If you are looking for a fun and relaxing way to network within the book world, then make sure to at the Tonga Hut Tiki Lounge this Friday (11/8). Join WNBA-LA board members and author Janna King for cocktails, conversation, and networking.
Janna King, author, screenwriter, playwright and director, is a LA local and is ready to meet and greet fans and booklovers over a few drinks. Make sure to stop by for a not to be missed networking experience.
National Novel Writing Month (NaNoWriMo) is only days away. Are you ready? Here are a few tips to help you prepare to write 50,000 words by the end of the month:
Write a synopsis. Take a few minutes to jot down the main points of your novel before NaNoWriMo kicks off. Not quite ready to flesh it out? That’s okay! Start by jotting down some plot or character details and maybe they will find their way into your writing.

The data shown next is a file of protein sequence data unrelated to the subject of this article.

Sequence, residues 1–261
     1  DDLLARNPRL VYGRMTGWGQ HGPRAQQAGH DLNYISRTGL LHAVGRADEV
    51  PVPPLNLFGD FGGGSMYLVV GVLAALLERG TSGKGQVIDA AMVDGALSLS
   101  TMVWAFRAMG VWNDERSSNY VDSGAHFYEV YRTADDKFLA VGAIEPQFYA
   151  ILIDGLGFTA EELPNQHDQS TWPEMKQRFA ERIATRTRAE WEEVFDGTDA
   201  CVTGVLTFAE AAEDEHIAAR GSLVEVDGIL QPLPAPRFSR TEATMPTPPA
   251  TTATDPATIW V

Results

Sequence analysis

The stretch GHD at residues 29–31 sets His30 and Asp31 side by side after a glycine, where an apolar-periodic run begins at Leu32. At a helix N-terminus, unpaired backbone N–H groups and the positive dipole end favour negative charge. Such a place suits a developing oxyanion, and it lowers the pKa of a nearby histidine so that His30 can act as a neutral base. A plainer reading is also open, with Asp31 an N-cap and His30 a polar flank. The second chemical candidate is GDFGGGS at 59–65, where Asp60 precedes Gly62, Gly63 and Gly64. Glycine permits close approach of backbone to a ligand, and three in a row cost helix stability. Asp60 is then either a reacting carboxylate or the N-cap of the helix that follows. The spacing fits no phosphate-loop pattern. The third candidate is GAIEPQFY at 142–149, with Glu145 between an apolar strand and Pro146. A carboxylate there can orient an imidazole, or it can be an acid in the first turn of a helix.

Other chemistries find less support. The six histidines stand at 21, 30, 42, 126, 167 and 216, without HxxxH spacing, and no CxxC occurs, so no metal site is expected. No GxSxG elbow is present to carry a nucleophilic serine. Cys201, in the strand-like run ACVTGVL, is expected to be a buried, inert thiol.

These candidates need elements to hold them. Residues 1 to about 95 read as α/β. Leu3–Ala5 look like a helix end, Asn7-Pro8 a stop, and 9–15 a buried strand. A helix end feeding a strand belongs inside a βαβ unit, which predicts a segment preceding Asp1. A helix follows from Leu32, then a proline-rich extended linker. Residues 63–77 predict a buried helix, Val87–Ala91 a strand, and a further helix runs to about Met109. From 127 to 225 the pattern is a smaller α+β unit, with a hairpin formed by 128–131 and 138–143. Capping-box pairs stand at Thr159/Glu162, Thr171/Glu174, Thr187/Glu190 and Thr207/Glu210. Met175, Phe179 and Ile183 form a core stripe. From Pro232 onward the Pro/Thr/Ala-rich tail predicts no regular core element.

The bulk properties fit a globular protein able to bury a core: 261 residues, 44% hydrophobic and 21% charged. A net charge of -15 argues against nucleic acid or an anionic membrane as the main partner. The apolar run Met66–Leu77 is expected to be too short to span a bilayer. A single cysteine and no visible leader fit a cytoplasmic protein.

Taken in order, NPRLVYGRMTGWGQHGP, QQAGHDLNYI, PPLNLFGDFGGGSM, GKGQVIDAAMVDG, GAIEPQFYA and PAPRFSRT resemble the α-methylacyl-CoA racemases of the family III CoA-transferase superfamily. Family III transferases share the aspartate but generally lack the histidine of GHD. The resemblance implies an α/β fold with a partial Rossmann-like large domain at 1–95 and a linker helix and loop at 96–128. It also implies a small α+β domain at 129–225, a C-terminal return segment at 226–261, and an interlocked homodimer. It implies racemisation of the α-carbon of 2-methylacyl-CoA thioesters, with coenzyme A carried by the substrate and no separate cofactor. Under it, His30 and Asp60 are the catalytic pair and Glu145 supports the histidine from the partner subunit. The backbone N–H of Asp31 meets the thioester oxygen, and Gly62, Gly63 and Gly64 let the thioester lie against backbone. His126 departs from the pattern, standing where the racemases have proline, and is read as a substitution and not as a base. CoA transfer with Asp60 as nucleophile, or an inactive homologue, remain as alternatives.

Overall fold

Make a playlist. Seasoned NaNoWriMo winners suggest making an inspirational playlist that gets your writing juices flowing. Find those jams that make you feel great and get your playlist ready.
Create a writing space. Having a designated space to write can make it easier and more comfortable for daily writing. You don’t need a lot of space, just a cozy corner or a spot at the dining room table. Find a place where you can set up to get those daily words on paper.
Schedule time to write. One of the hardest parts of NaNoWriMo is finding time to write your daily word average. If you miss several days, it can feel intimidating to get back on track. Schedule time each day to sit down and write and stick to it. The words will add up before you know it!